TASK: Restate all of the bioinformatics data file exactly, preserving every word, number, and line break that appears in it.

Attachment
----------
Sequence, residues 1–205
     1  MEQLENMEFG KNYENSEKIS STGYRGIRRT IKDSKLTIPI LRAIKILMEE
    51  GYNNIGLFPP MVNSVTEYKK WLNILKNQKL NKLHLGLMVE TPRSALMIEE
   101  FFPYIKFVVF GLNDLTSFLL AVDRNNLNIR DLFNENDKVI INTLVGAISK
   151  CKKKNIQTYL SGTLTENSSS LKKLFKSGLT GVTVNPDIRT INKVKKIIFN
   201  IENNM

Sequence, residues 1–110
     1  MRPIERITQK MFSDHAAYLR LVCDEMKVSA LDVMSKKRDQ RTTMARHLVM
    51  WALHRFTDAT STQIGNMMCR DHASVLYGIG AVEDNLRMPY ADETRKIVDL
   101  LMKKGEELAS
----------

Sequence, residues 1–205
     1  MEQLENMEFG KNYENSEKIS STGYRGIRRT IKDSKLTIPI LRAIKILMEE
    51  GYNNIGLFPP MVNSVTEYKK WLNILKNQKL NKLHLGLMVE TPRSALMIEE
   101  FFPYIKFVVF GLNDLTSFLL AVDRNNLNIR DLFNENDKVI INTLVGAISK
   151  CKKKNIQTYL SGTLTENSSS LKKLFKSGLT GVTVNPDIRT INKVKKIIFN
   201  IENNM

Sequence, residues 1–110
     1  MRPIERITQK MFSDHAAYLR LVCDEMKVSA LDVMSKKRDQ RTTMARHLVM
    51  WALHRFTDAT STQIGNMMCR DHASVLYGIG AVEDNLRMPY ADETRKIVDL
   101  LMKKGEELAS